Even though she was young at the time, she can still recall the horrific bombing of Hiroshima and Nagasaki. “They said something terrible happened, very bad things that [the Americans] used, and so we had to capitulate and we had to end the war. I remember the Emperor for the first time spoke on the radio. We had never heard him speak — of course not, he was God.”
Like many members of her family, Yoko attended a school in Tokyo that was reserved for the Japanese ruling classes. It was a life of isolation and privilege. In her childhood home, Kudan House, up to 20 servants would wait on her, but she had no friends. “It didn’t occur to me that I was supposed to play with people.” She shared this sense of estrangement with Lennon, who also endured a lonely childhood in the Liverpool suburb of Woolton, where he lived with his Aunt Mimi and Uncle George.
Her great-grandfather Yasuda, the creator of her family's wealth, was the son of a samurai. In 1858, when he was 20, he moved to Tokyo to become a servant. An entrepreneur by nature, at the age of 28, he opened a money-changing house and went on to found the Yasuda Bank. It began as a bank for ordinary people with a branch in every village, and grew into a hugely lucrative and influential business conglomerate.
Yasuda was killed in 1921 by a sword-wielding socialist named Heigo Asahi.
“Afterwards Asahi killed himself and left a letter to the world, saying that he’s assassinated this capitalist. But some people believe that he had asked my great-grandfather for money and he was refused. And others believe that he was just a very enthusiastic socialist.”
Later that week Yoko takes me to Kudan House, where we are given a tour by the wife of the Filipino ambassador: the building is now their official residence.
“I feel really sentimental about this,” says Yoko as we stand in the kitchen. She has brought with her a book of photographs of John Lennon at Kudan House in 1977. That summer he organised an Ono/Yasuda family reunion here. Lennon’s own childhood was blighted by his mother’s absence, and his whole life turned upside down by her death in a car accident when he was 17. He was “very keen” that their infant son Sean “should understand where his mother grew up”. Yoko was less keen. “I said, ‘Why would I want to see these people just because they’re blood relatives?’ Why would I want to see these boring people? They’re the kind of people I left to make my own life.”
We take the bullet train to Karuizawa, an Alpine-like mountain community founded as a summer resort by a Canadian missionary of Scots descent, Alexander Croft Shaw (1846-1902), and full of second homes owned by Tokyo’s wealthy elite. We visit the 116-year-old Manpei Hotel, where Lennon and Ono stayed during summer visits. The Ono family home was nearby but it lacked room service, which mattered much to Lennon. He was partial to the Royal Milk Tea (the gift shop sells packets of it marked “For John”).
Another haunt of the Lennons — well off Yoko’s family radar — was the unassuming Rizanbo cafe, tucked away in the woods on the town’s outskirts, in the shadow of volcanic Mount Asama. On the walls are holiday photographs taken in the successive summers of 1977, ’78 and ’79 of Lennon, Yoko and Sean, and a self-portrait of Lennon drinking tea. “John and I were so happy riding around on bicycles,” she recalls. “Sean loved it too. It was just a beautiful time.”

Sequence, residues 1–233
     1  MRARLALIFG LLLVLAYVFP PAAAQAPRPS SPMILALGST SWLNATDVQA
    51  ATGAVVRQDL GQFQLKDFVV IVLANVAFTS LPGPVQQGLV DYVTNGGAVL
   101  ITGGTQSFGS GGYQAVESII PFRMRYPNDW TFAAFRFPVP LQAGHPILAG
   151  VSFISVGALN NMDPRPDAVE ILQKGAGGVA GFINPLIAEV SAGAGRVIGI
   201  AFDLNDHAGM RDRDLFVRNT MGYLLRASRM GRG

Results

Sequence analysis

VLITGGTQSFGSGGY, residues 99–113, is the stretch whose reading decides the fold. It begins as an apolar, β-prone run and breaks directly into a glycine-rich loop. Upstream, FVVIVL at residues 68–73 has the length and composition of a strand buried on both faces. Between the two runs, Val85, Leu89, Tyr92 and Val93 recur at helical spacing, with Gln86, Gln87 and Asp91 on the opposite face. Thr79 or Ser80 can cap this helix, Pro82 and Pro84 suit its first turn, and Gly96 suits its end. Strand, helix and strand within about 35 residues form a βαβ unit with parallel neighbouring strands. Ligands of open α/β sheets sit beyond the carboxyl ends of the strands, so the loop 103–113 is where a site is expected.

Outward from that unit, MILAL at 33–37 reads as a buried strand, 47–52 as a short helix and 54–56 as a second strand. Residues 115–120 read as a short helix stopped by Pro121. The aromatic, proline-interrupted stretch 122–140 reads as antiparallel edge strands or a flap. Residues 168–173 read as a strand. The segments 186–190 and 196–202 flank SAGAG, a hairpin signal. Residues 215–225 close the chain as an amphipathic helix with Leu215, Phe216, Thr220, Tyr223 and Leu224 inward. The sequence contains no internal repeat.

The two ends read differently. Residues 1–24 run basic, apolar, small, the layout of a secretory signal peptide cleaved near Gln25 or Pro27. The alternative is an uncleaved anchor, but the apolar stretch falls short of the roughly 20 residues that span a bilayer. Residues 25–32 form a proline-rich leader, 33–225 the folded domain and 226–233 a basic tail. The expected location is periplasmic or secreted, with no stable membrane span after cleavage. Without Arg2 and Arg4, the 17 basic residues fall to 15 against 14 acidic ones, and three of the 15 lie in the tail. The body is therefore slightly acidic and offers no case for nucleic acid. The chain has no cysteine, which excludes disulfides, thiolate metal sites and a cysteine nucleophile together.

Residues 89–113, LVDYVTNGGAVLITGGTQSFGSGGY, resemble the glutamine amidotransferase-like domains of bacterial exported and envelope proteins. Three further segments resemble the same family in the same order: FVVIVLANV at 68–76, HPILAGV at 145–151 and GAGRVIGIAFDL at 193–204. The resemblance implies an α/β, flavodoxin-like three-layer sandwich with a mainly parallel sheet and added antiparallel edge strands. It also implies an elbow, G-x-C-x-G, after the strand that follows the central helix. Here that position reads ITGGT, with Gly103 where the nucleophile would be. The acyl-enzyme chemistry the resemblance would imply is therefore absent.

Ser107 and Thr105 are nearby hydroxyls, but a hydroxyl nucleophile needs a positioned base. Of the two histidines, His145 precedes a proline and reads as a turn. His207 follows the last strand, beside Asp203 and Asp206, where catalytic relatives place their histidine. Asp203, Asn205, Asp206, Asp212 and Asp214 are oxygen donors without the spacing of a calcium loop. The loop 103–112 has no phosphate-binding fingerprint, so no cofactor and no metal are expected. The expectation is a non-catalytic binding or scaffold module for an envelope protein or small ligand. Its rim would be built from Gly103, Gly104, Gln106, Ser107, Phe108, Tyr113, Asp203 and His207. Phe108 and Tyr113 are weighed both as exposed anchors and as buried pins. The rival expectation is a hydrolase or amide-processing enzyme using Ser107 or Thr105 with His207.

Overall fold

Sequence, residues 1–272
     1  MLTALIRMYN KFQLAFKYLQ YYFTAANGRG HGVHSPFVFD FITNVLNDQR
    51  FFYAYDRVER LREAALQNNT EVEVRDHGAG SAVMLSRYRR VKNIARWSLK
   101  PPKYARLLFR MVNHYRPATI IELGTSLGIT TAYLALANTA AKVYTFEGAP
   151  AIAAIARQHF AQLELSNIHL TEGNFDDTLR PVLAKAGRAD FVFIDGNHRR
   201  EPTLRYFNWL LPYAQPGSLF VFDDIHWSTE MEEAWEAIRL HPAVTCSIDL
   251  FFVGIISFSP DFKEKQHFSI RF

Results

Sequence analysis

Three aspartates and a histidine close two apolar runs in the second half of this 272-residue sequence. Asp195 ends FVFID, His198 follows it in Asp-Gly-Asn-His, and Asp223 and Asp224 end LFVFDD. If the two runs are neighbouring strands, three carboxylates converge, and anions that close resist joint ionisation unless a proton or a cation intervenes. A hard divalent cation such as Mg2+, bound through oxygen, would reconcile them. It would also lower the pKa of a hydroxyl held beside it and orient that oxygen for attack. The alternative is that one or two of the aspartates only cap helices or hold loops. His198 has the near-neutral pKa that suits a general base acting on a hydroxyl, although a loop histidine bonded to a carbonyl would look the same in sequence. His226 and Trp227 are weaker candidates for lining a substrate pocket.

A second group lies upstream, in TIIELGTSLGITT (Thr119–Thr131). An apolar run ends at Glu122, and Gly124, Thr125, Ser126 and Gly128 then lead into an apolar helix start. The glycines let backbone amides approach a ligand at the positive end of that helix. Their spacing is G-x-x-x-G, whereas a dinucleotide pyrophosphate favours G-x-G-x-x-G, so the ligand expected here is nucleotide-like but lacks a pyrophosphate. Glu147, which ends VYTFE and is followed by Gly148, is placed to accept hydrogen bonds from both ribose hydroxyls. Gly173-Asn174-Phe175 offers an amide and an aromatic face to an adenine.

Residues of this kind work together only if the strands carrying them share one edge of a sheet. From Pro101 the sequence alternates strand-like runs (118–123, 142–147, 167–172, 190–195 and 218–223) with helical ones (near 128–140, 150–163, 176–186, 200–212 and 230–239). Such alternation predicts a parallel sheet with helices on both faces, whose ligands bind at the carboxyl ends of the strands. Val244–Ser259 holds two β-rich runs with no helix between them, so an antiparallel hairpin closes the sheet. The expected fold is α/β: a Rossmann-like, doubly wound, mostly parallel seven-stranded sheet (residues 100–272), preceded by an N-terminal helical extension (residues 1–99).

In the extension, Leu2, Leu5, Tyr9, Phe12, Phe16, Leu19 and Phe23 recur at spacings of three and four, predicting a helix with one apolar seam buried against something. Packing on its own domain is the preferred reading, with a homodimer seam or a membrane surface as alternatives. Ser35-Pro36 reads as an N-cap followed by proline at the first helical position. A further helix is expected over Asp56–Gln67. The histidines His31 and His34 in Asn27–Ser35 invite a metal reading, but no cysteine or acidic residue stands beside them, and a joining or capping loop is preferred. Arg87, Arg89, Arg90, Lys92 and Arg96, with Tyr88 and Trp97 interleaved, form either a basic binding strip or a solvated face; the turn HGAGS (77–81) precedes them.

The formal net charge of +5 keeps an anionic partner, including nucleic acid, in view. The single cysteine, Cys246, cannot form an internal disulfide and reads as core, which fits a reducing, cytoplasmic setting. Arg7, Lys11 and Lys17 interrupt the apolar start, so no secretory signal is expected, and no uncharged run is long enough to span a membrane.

Here in the woods, far away from the long shadow of the Beatles, they could enjoy being a family. “It was a moment when we were really trying to take child-rearing seriously.”
Pinned to the wall of the Rizanbo is a thank-you letter to the owner from Yoko, dated July 29, 2006. “Seeing these photographs from 30 years ago choked me up,” it reads in Japanese. “It is so nice to see how relaxed John was… You never really saw John so relaxed with other people around. It really made me feel nostalgic.”
At 77, Yoko seems to be tying up loose ends in her life. She now gets on well with her first child, Kyoko, from whom she was once estranged. Kyoko is Yoko’s daughter by her second husband, the American jazz musician Tony Cox (she was previously married to the Japanese composer Toshi Ichiyanagi), who disappeared with Kyoko in 1971 when she was eight and raised her in a religious cult. For years, Yoko didn’t even know her daughter was alive. But she admits she had been a poor mother who twice deserted her young family before Cox went into hiding with Kyoko. First she abandoned them in Tokyo for a new life in New York. “I just had to rescue myself — and then they followed me. When I was alone, New York life was sort of okay. But when they came, it was just hell.” She left them again for London, “and they followed me again”, Yoko says. “I was just a silly person,” she concedes. “The thing is, in London, I started to warm towards Kyoko. She was so sweet.”
They finally made contact again in the 1990s.
This year — the 30th anniversary of his death — Lennon would have turned 70. Yoko has guarded her husband’s legacy and meets her lawyer every Tuesday to discuss the latest developments concerning his estate. Not for the money, though. She doesn’t need it.
“This is a very interesting thing,” she says.
“My great-grandfather Zenjiro created a huge financial power. And the reason was, in those days bankers were the people who were seriously changing the world.” But her father, who was a frustrated concert pianist, had a different view. “He said, ‘No, they’re not the ones — it’s going to be music that’s going to change the world.’ And he was right.”